Rock is dead. Long live rock(?)

As much as I hate to admit it, he ain’t wrong.

On the upside, that saves me a lot of money since I have most of the rock and roll I like.

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Well you look at what came out of that era. It’s insane that we listen to Beatles music 50 years later. And …will continue longer. I always think : were we listening to music from 1927 in 1977? Hell no. These artists In the 60s/70s were creating a sound that would last generations. How many years does current music get played into the future ? I dunno. If rock is dead - what music is alive ? Everything is disposable now it seems.

So does this mean that you baby boomers will not be giving up your rare vinyl collections just yet? Many of us in the younger generations have been waiting patiently. :grin:

Each generation tends to listen to the popular music dominate when they were in high school and college.

There is plenty of new music worth listening to. Whether the superannuated will try it out is a separate issue. Many will not try, fussing about “what kids listen to these days.”

For those of us who are classical music aficionados, complaining about music written 50 years ago is laughable. :slight_smile:

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Well this is a great point about classical elk. I enjoy it as well. But I just don’t think you will hear a lot of today’s music in 2070. And it’s not about ‘the kids’. I do listen to a lot of current music. I just don’t know how much of it will be on in 50 years - that being laughable and all. Will classical be around in 50 years? Guaranteed. It will be interesting if in my lifetime I hear 60-70s rock stop being played. I don’t think so.

Sorry. I’m not a boomer. 1969.

Some contemporary music will survive, along with music from every decade. There is a great deal of music from the 1960s and 19070s no longer played now as well. Time is a wonderful filter, a lot of dreck gets weeded out.

Let’s consider the comment “were we listening to music from 1927 in 1977?” Why yes, we were.

As one obvious example, we were listening to Gershwin in 1977 - “Fascinating Rhythm” (1924), “I Got Rhythm” (1930), the opera Porgy and Bess (1935) (which includes “Summertime”), etc. Consider also the 1920s was the Jazz Age. I am certain I need not list the many pieces from this time which are jazz standards which we were listening to in1977 and continue to listen to today.

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Ok ok. I give. :slight_smile:

I don’t think rock and roll is dead. I was born in 1960. I still listen to a lot of the music my older siblings turned me on to back then, Yes, ELP, Supertramp, CSN&Y, Jethro Tull, Genesis, Alan Parsons, etc. I have found a lot of artists still writing in a similar style. Neal Morse, Roine Stolt, IQ, Spock’s Beard, and Lainie Schooltree are good examples. Ian Anderson continues to release material. So does Steve Hackett. We’re fortunate to live in an era where different music services will point you to similar artist to those you’re listening to. I’d have never found some of the new stuff I listen to without them. Even Amazon points you to similar artists. We’re also fortunate enough to be able to listen to sound bites before we buy. No, I really don’t think rock and roll is dead.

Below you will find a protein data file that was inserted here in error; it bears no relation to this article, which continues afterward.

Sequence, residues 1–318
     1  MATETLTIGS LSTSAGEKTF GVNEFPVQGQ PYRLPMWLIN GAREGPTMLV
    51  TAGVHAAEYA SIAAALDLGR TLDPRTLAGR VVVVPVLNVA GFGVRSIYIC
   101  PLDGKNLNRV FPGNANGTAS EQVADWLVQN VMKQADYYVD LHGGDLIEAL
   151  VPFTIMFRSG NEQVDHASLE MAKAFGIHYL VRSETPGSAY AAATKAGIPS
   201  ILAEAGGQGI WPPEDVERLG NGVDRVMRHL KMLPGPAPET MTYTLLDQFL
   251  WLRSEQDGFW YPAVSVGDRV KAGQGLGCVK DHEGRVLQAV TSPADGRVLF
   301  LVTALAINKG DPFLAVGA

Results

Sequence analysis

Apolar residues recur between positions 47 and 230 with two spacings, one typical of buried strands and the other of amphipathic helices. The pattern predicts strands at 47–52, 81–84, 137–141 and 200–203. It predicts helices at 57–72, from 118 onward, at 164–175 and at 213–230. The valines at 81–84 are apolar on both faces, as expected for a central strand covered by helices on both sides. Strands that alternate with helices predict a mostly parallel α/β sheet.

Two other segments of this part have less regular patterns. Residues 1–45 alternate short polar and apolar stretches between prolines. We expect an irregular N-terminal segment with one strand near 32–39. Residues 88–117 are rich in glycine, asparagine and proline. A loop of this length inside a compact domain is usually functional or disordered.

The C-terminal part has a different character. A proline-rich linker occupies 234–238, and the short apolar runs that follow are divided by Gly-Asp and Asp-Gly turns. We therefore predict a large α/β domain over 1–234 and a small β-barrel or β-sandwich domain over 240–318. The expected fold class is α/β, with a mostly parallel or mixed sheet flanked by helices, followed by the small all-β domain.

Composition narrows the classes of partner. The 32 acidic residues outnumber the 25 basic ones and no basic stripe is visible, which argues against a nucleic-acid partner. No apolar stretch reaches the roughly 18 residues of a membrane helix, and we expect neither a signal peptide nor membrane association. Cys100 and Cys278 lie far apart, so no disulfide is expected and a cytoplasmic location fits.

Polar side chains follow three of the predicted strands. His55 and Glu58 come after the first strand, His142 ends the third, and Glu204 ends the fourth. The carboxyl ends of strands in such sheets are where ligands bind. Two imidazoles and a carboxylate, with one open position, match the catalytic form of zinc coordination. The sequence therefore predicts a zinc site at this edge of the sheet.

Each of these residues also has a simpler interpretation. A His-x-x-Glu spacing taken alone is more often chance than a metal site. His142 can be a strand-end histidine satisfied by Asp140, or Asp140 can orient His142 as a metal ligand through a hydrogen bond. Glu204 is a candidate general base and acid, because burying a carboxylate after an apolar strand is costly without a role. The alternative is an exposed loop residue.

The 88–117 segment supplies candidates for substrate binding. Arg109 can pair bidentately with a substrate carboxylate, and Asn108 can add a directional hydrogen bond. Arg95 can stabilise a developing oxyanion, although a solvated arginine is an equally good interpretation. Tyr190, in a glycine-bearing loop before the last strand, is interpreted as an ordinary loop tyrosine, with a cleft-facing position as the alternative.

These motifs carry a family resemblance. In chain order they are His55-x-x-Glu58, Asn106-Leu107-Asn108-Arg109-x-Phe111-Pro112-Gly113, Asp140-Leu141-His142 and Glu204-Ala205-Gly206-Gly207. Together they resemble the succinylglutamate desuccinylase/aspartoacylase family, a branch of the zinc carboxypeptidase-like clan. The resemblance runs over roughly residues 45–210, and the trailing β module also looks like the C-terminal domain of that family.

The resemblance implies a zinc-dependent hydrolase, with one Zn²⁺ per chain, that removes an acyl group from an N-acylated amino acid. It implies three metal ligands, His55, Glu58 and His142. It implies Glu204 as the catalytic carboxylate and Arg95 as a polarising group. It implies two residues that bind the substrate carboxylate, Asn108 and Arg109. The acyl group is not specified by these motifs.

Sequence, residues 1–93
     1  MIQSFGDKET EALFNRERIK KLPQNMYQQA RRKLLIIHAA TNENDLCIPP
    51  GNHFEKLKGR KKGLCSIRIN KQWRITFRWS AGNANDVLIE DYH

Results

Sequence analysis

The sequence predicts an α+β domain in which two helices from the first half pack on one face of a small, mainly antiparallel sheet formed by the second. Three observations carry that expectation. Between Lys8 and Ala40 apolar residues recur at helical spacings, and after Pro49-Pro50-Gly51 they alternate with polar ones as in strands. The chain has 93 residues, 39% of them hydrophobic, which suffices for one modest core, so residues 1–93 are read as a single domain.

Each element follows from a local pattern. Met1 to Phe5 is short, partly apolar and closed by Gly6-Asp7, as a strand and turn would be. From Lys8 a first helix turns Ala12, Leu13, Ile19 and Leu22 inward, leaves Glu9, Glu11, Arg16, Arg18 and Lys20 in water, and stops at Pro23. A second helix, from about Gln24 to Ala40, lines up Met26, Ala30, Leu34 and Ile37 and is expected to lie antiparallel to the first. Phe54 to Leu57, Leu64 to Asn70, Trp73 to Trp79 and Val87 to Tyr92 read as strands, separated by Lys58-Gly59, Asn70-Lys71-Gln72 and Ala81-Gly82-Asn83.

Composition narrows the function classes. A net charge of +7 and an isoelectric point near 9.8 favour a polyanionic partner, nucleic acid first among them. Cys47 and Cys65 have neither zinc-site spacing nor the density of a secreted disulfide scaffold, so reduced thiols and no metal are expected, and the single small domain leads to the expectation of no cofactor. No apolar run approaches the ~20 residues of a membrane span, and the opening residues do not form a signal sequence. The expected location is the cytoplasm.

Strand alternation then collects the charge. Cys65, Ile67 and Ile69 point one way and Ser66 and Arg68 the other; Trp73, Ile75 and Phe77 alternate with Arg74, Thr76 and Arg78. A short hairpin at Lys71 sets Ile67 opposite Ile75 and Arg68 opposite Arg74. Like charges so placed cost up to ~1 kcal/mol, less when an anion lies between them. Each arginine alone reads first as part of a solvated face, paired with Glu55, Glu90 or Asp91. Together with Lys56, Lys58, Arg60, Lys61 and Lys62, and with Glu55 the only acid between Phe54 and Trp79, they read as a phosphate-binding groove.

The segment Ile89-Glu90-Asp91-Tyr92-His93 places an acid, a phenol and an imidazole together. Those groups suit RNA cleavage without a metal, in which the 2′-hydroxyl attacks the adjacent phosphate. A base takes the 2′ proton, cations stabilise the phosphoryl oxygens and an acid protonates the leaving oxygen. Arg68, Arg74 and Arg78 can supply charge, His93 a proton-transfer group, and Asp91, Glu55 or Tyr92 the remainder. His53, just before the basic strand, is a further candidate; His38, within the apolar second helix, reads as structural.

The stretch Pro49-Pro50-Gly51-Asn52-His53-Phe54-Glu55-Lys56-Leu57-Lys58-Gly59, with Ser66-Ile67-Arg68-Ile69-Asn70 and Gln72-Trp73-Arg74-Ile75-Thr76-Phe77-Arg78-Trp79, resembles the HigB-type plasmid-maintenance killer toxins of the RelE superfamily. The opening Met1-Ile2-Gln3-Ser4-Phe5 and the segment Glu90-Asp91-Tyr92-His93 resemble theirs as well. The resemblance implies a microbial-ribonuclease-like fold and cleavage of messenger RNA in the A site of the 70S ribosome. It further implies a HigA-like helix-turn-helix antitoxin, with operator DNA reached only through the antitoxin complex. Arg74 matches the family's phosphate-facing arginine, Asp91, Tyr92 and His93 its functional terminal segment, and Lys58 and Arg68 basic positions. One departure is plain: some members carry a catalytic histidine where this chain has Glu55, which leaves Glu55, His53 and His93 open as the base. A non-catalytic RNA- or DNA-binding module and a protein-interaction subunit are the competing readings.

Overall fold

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Hey, hey, my, my
Rock and roll can never die
There’s more to the picture
Than meets the eye
Hey, hey, my, my…

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I guess the point is when you look at the charts, there is no rock and roll. It’s pop and hip hop. When you see new bands starting up, they aren’t doing what is traditionally rock. There is still new MUSIC being made but it’s by all the old names. I dunno. It just struck me.

Mike

Is it an issue of definition?

That is, what is rock?

For example, were The Beatles rock or pop? CSN&Y? How would they be classified today? I am far from a pop music expert but both groups seem pretty “soft” to be classified as rock. The same applies to many popular artists of the 1960s and 1970s.

The thread title may be appropriate. The King is dead! Long live the King! is not a contradiction. The phrase simultaneously praises the deceased monarch while hailing the new. Perhaps this is accurately descriptive of rock; the old rock is dead, the new rock now rules.

Rock dead…? Hell no…! Check this out…

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When did Pete Townshend stop hoping he would die before he got old? That great grandfather is still out there touring :grimacing:

Frankly that last Who album was excellent

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Not a ‘boomer, really? :thinking:

1964 is generally considered to be the last birth year of that demographic, I believe.

Nope. I suppose I’m technically Generation X. But I do enjoy boomer rock versus a lot of what was popular when I was “that age”. I never enjoyed hair metal or pop. Bon Jovi’s popularity remains a mystery to me. I outgrew Springsteen. And fell into prog which died around 1975 when Peter Gabriel left Genesis.

P.S. I know I prog lives on in metal, but that never resonated for me. And yes, Genesis remained proggy for a couple more records and Yes was still around…but we all have opinions and that’s mine.

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So - I just had to share this Rock 'n Roll. Make of it what you will ; )

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I withdraw my statement.

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